Fitzgerald optimistic but says not his call

Arizona Cardinals WR Larry Fitzgerald wants to play in Atlanta this week, but it's not his call.

TEMPE, Ariz. (AP) — Arizona's Larry Fitzgerald said it's "highly likely" he will be able to play Sunday against Atlanta, then backtracked and said it's not his call.

The eight-time Pro Bowl wide receiver has not practiced for two weeks after spraining his left knee in a victory over Detroit. He sat out last week's loss at Seattle, snapping a streak of 110 consecutive games played.

It was just the fifth game he has missed in his 10-plus NFL seasons. Fitzgerald, who holds virtually every Cardinals receiving record, has missed consecutive games only once, when a hamstring injury sidelined him for three games in a row in 2006.

"I can't even remember the last time I missed a game before that," he said on Thursday. "I didn't know what the routine was, what I was supposed to do. It was just really awkward, to be there but not being able to do anything to help your team. That was frustrating."

The Cardinals lost at Seattle 19-3, snapping a six-game winning streak. Arizona has not scored a touchdown in seven quarters.

Even after missing a game, Fitzgerald leads the team in receptions (46) and yards receiving (658).

'Yeah, we miss him because he is one of our veteran leaders," offensive coordinator Harold Goodwin said after Thursday's practice, "but at the end of the day the philosophy is 'next man up.' If he's there this weekend, he is. If he's not, it's still next man up. We've got to make plays no matter who's out there. We've got to do a better job."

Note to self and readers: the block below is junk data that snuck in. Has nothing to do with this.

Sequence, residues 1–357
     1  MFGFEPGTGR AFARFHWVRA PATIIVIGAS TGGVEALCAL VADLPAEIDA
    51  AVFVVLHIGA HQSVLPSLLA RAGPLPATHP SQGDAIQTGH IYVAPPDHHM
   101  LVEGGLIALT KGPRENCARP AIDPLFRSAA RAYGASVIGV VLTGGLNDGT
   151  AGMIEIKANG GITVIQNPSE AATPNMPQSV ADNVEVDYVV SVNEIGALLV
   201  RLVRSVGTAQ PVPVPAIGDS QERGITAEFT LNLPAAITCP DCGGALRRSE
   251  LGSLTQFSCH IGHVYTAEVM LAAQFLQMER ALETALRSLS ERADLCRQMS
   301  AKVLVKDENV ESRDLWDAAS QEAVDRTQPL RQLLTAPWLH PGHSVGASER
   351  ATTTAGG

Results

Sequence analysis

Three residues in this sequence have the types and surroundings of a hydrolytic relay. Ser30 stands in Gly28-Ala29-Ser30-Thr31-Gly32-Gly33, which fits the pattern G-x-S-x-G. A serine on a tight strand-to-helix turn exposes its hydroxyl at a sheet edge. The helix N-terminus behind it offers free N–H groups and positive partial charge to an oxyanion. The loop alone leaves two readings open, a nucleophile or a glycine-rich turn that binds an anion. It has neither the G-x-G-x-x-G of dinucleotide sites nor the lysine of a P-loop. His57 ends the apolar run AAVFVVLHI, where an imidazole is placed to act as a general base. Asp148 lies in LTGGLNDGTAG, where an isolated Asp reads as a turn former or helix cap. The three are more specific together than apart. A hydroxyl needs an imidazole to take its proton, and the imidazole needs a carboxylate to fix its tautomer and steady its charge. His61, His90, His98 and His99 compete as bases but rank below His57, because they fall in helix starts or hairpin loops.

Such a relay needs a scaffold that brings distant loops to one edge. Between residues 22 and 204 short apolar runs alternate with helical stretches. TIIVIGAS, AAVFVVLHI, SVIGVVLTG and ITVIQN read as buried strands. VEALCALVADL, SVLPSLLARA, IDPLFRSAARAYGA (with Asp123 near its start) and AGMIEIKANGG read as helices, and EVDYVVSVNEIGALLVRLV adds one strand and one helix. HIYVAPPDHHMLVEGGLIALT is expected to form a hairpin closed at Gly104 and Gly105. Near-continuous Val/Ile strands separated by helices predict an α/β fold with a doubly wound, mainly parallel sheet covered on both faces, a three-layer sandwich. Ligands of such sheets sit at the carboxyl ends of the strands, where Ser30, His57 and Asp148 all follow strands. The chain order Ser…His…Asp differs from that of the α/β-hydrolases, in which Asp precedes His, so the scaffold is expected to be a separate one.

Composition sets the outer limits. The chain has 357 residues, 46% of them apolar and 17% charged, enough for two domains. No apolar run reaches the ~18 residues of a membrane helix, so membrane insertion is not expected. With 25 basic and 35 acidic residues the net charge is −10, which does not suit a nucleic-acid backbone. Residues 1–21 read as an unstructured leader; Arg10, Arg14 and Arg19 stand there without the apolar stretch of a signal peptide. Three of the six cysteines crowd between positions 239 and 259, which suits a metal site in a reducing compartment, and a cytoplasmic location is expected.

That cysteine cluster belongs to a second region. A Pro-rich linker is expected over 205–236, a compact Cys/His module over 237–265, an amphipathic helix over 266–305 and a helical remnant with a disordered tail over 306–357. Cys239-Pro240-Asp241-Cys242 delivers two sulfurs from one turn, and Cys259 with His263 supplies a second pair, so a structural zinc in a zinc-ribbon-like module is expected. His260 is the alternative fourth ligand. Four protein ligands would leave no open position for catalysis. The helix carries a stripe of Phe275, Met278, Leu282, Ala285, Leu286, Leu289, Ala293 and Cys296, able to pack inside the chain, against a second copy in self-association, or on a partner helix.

Fitzgerald said he only wants to play if he is healthy enough to make a difference.

"I just want to make sure I'm not doing anything to set myself back," he said, "and when I come back I'm strong and I can finish hopefully going into February. That's the goal."

He said he knew last week that he wasn't healthy enough to play.

"I don't want to mess up (quarterback) Drew (Stanton). I don't want to mess up that trust," Fitzgerald said. "He trusts me and I don't ever want to break that. If I can go, I'm out there, and if I can go at full speed. And if I'm iffy and I'm feeling I can't do it to the best of my ability and I'm not as good as the guy who's going to come in and take my place, then that's selfish. You've got to be aware of that."

He indicated he could play despite missing so much practice time.

"I'm in every single meeting," Fitzgerald said. "Everything that Mike Floyd and Smoky (John Brown) and Juron (Brown), everything that they're doing, I'm doing the exact same thing besides running the routes in practice. ... There's nothing in the mental preparation that is any different from what I've always done."

If he does play, he would wear a brace.

"It's not restrictive too much at all," Fitzgerald said. "It's just a little cumbersome but it's protection. That's really what it's about. You just want to make sure that you're out there and can do everything that you're capable of doing and if you do take a hit it's not going to be something catastrophic."

Of course, Goodwin would prefer to have Fitzgerald for defenses to worry about.

"You worry about him because he's still Larry Fitzgerald, a future Hall of Famer, a guy that's caught a lot of balls, caught a lot of touchdowns," Goodwin said. "It makes a lot of difference having him out there, but for us it can't be a distraction if he's not. Where we're trying to go, everybody's got to play."


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